View Full Version : Grease removal
08-26-2009, 07:02 PM
I've got a turkey fryer pot that, after years and years, is coated with nasty baked on grease.
I'm also lazy. I've scrubbed the heck out of it in the past to get it clean and I don't feel like doing that now. Especially as it's been sitting out on the back porch for a month and a half.
Anybody got any easy methods for returning it to clean, pristine, condition? I have a pressure washer. :p
08-26-2009, 07:13 PM
My husband swears by this stuff (http://www.dawn-dish.com/en_US/powerdissolver.do) for the grill. I've no idea how environmentally toxic it is, though.
08-26-2009, 08:58 PM
How about oven cleaner? I've used it to remove years of grease from an old Coleman stove and it also removes pitch from circular saw blades very nicely.
Scrape off as much of the loose crud as you can, then spray on the cleaner, let it sit and scrub it off with a scotch green scrubby pad (wear rubber gloves). Repeat if necessary. Rinse and dry thoroughly.
08-26-2009, 09:20 PM
We may have some of the oven cleaner laying about...
Here's an odd question (on the surface it appears stupid, but upon consideration...) Is Oven Cleaner bad for the environment? If I sprayed it on outside, then rinsed the pot out, would the leftover water kill the plants where it ran out? Soapy water isn't particularly bad (the phosphorous...phosphates..? is supposed to help), vegetable oil is organic...so...would the oven cleaner be nasty too?
08-27-2009, 12:26 AM
Plain ol' baking soda. Moisten the surface, shake some on, wait a while, and the stuff will slde right off.
08-27-2009, 12:27 AM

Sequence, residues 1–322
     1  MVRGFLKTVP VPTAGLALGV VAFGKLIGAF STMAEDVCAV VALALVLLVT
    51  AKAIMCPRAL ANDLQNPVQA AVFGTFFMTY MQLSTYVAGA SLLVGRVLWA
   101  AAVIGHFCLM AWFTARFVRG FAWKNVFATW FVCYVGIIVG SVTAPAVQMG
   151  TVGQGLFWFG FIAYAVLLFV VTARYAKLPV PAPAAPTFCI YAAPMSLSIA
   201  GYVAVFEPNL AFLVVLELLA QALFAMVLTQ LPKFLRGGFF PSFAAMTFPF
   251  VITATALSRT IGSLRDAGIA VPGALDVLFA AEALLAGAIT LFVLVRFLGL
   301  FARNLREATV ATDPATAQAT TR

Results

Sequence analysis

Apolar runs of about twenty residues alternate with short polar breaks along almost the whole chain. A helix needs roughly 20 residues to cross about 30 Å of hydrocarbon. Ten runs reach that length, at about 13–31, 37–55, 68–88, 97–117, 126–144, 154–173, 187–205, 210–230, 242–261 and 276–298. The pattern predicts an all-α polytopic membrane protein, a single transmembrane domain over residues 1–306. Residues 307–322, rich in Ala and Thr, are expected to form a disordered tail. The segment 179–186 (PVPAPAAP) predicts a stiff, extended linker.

That depends on the oven cleaner. Most oven cleaners are highly alkaline, and work by saponifying fats. Old oven cleaners used hydroxides, which would definitely kill your plants; modern "fume-free" products use lesser bases like monoethanolamine, which is still plenty nasty, IMHO. Purgatory Creek's "Power Dissolver" has both, as well as surfactants. Degreasing products like Simple Green or 409 contain surfactants with strong solvent properties, like alkene glycol ethers. Such products are made as non-toxic as possible, but you may not want to dup that in your garden either.
08-27-2009, 11:09 AM
I recently resurrected a grotty old barbecue with an orange-based cleaner called Nature's Orange, made by Trewax. Anything left behind was handled by Carbon-Off!.
Carbon-Off! comes in an orange can, but it's definitely not mild - read the label - gloves and eye protection are advisable. You'll need to go to a restaurant supply shop for this stuff. Try the orange cleaner first - you may not need to bring out the big, more toxic, guns.
If you're in an eco-friendly mood, you want to use as little as possible of whatever chemicals - scrape off as much grease as you can first. Hit it with the orange cleaner, let it sit, then agitate the gunk with a scrub brush. IIRC, the diluted runoff from this product can go right onto the ground*. Lather, rinse, repeat (Literally!) as needed. It took three or four rounds to get the really cruddy stuff off.
* I was working in a ratty semi-dead section of the back yard, so any grass damage would be inconsequential. I wouldn't recommend doing this in a flower or vegetable garden.
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